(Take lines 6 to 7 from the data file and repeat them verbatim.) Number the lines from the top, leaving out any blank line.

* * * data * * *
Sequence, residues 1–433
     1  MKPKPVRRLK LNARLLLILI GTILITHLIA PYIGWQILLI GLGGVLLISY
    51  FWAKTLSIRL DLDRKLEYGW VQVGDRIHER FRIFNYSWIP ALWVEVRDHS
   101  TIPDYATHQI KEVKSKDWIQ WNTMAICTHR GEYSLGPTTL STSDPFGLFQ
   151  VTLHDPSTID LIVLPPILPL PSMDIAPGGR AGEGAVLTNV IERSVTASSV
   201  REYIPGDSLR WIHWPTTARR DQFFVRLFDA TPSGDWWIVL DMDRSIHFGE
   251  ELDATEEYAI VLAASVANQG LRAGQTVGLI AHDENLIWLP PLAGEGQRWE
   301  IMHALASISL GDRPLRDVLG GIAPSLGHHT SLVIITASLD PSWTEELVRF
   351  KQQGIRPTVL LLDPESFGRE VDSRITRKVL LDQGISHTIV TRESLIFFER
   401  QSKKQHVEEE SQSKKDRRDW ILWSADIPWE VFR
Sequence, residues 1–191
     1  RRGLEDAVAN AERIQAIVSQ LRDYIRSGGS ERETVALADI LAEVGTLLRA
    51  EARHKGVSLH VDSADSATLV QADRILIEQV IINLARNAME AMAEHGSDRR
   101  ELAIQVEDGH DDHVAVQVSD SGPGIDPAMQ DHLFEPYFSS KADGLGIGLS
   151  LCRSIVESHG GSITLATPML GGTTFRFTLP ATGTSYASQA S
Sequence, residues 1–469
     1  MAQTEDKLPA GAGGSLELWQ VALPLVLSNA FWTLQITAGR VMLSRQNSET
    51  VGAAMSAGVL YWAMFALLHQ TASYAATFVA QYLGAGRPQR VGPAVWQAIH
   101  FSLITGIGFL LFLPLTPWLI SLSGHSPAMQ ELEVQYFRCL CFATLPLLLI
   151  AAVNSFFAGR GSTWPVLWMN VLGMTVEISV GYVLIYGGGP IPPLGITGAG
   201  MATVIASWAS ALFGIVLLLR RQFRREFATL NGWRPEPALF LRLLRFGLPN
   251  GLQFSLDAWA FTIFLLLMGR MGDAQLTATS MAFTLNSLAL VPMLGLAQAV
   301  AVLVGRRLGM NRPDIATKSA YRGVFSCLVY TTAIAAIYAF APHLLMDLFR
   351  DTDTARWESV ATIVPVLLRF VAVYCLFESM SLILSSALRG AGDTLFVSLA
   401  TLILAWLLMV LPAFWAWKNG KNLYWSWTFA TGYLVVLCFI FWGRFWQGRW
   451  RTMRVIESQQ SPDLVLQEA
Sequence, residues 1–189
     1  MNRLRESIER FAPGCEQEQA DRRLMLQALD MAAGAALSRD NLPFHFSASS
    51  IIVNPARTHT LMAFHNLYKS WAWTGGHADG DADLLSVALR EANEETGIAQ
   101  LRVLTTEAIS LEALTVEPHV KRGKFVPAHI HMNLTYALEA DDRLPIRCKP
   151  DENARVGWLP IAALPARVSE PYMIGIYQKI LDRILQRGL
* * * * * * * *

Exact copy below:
   201  REYIPGDSLR WIHWPTTARR DQFFVRLFDA TPSGDWWIVL DMDRSIHFGE
   251  ELDATEEYAI VLAASVANQG LRAGQTVGLI AHDENLIWLP PLAGEGQRWE